Re: Help! Accidentally started deleting /usr
On Sun, 8 Apr 2001, Mark Phillips wrote:
> > Good lord, please NO. Having an "undelete," IMHO, leads to very
> > sloppy practices - better to learn to make backups of important
> > data - and to use the root account with care.
> That kind of argument is like saying you shouldn't bring life-jackets
> when you go sailing, because that encourages bad sailing practices!
Wrong - to use a tired cliche, you're mixing apples and oranges.
People have been using *nix systems for years, and not one *nix
variant has a system undelete feature. Has that crossed your mind?
> Of course it's good to be careful (and generally I am), but
> occasionally everyone slips up and if a feature could be added which
> would save the day under that kind of circumstance ___and___ if it
> doesn't cause any problems or inefficiencies itself, then why not add
The thing is, a system undelete would likely cause problems or
> You are right that it's good not to be sloppy. Even when you're not
> root it's good not to be sloppy. If we __really__ wanted to encourage
> users not to be sloppy we would make people run as root all the time
> (much like MS Windows)! Because then people would know that any
> mistake would have serious consequences which would be good motivation
> to be less sloppy. The point is, that sloppiness is related to risk
> factor. The more risk, the more care you need to take. By itself, I
> don't think it is a good argument to say we should not reduce the risk
> because people may take less care. If the risk is lowered, less care
> is needed!
My main concern here is: where does the hand-holding end? If we
decide that the average user is too stupid to make backups and
protect their own data, then why not have a double-confirm for
deletion like some inane operating systems? How about having to
type the root password every time you want to delete a file? Or
having a big flashing red screen appear that tells you "DANGER
DELETING A FILE MAKES IT UNUSABLE!"
Let's be serious here - you've had one minor incident with deleting
something, and instead of learning from the experience you're saying
that the Debian team should whip up an undelete to protect you from
yourself, instead of being responsible for your own backups.
> The only way I can see your argument might work is as
> follows. An undelete function would not work in the case of a nearly
> full drive. If people became sloppy, relying on the ability to
> undelete, they could be burned when the drive becomes nearly full.
> But I don't see this as really being any worse a danger than the
> current situation. And besides, as well as adding an undelete
> feature, it would be possible, when the disk gets near to full, to
> have rm warn not to rely on undelete and ask for a confirmation of
What if the undelete doesn't work properly? The more complex a system
is, the more danger or failure. Then when you've stopped making backups,
and your undelete doesn't work - what will you do then?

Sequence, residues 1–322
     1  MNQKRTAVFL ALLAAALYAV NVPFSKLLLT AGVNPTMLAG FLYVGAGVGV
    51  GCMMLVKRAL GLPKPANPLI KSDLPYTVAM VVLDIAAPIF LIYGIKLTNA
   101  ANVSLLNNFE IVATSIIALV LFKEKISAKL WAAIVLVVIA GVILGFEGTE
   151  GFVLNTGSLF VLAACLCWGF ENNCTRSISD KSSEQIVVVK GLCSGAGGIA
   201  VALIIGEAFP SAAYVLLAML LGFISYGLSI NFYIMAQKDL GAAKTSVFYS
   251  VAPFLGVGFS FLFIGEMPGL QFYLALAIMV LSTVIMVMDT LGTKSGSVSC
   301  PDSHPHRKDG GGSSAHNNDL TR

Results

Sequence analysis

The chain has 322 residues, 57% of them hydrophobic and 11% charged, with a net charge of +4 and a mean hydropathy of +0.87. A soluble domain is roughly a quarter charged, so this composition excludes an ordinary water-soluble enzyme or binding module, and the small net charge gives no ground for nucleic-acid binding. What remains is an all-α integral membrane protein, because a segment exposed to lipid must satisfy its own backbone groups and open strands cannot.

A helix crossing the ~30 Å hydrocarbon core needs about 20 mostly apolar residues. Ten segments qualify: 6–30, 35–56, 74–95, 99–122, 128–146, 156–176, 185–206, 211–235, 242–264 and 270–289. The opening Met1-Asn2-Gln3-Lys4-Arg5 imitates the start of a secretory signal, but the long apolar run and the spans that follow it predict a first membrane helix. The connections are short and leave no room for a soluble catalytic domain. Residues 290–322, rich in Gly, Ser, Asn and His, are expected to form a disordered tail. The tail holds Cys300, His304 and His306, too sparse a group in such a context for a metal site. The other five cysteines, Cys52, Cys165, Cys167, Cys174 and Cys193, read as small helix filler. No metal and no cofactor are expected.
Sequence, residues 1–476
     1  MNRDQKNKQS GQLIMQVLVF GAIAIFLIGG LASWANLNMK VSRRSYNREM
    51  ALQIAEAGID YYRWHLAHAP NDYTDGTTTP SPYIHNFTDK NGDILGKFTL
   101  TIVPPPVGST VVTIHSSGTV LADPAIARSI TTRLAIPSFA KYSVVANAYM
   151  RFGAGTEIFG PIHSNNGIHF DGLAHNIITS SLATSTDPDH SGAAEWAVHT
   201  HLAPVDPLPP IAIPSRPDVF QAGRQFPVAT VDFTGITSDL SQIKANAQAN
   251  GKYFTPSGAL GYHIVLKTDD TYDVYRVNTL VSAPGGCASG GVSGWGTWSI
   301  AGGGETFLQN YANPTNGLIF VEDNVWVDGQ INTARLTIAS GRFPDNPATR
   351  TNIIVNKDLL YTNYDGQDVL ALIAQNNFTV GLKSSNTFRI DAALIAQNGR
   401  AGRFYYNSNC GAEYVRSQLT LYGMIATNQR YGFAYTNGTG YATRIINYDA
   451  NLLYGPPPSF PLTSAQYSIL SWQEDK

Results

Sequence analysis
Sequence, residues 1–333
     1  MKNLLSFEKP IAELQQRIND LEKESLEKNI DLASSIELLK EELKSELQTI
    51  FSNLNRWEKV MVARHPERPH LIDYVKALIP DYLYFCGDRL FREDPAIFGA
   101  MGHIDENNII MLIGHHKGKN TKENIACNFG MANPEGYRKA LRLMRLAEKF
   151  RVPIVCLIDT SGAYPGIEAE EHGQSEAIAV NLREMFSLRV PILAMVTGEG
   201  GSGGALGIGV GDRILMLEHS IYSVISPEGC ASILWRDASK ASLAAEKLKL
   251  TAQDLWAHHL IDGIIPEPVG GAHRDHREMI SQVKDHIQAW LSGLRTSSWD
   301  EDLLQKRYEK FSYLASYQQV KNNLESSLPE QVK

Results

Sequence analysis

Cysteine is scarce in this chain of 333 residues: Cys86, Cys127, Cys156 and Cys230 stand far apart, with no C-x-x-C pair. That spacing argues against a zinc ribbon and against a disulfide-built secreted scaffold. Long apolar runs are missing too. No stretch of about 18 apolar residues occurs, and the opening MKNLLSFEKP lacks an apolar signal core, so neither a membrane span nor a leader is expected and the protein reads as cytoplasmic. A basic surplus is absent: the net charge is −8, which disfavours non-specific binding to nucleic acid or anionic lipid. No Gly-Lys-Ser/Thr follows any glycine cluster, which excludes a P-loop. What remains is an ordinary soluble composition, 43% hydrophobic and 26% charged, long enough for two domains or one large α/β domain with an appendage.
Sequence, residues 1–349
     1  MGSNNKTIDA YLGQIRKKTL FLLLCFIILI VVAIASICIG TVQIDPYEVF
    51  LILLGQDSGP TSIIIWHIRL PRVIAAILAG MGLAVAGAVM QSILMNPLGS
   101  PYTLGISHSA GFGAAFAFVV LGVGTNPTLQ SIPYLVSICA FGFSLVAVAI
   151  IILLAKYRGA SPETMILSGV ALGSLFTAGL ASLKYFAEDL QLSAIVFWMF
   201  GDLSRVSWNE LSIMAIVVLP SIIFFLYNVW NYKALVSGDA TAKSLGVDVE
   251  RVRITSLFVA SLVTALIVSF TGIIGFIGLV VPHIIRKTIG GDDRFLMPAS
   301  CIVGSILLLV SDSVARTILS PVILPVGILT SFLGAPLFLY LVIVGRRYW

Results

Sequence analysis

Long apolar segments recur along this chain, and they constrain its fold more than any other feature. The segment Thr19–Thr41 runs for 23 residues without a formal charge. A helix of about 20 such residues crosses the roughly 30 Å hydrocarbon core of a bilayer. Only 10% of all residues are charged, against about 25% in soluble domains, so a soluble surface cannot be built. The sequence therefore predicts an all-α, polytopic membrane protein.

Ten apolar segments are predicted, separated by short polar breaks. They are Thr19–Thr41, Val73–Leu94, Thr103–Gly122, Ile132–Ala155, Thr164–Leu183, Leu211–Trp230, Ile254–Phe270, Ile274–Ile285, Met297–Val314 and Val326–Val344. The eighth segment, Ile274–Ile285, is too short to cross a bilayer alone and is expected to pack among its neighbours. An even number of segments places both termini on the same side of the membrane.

Unfortunately, I have enough experience with Windows and MS-DOS to
know that undelete features do not always work.
Also, what about the occasion where you delete a file without realizing
it? Or when you have a total system crash and, since you have
this wonderful undelete feature, you've never bothered to make backups?
> As for backups --- yes they're a good idea, but my practice is to only
> backup /home stuff and /etc stuff. If I lose the rest, it can always
> be recovered with a reinstall. Having an undelete feature would
> reduce the number of cases where a reinstall was necessary.
I could be snippy, and say that knowing what you're doing as root
would almost completely get rid of cases of having to reinstall...
But seriously, backups aren't just "a good idea," they're absolutely
critical if your data is at all important.
> It's not just stupidity, we all slip occasionally. I had been working
> on the computer all day and my brain was a bit tired when it made me
> mistakenly type "usr" when I meant to type "tmp".
Yes, most people do make mistakes. I still think it's infinitely
more productive to learn to make backups than rely on more complex
systems to protect me from myself.
> > There were some good suggestions, though - make an alias from
> > rm to 'rm -i' so that you always get prompted against making
> > massive mistakes.
> I have done that in the past. But it is a pain to work with ---
> having to confirm everything! Sometimes with this set, you get into
> the habit of confirming everything automatically so it may not always
> help. An undelete function would be much less of a pain to work with,
> and would do a better job.
Now you're just whining. Sorry to be blunt, but you're basically
refusing to learn from your own mistakes.
> I don't have the luxury of a CD burner. I backup to the hard drive of
> another machine. I don't have room to do a full backup, but a backup
> of the important bits should be enough to recover --- just that it
> might take a little longer. An undelete feature would mean a
> reduction in the number of circumstances where this "longer
> restoration effort" was required.
If your data is important, then a CD burner or tape drive isn't
a luxury - it's a requirement. And I wouldn't trust my files to
an undelete feature - and neither should you!
And, you seem to be arguing from the position that you're going
to be screwing up a lot - how many times in the next year do you
intend to delete important files accidentally? Every other week?
Seriously, it may be "a pain" but you'd be better off learning
how to use the system instead of trying to argue that it should
be changed to meet your habits.
Joe 'Zonker' Brockmeier
"It's true what they say...you can never go home again, but I guess
you can shop there." -- Martin Blank "Grosse Point Blank"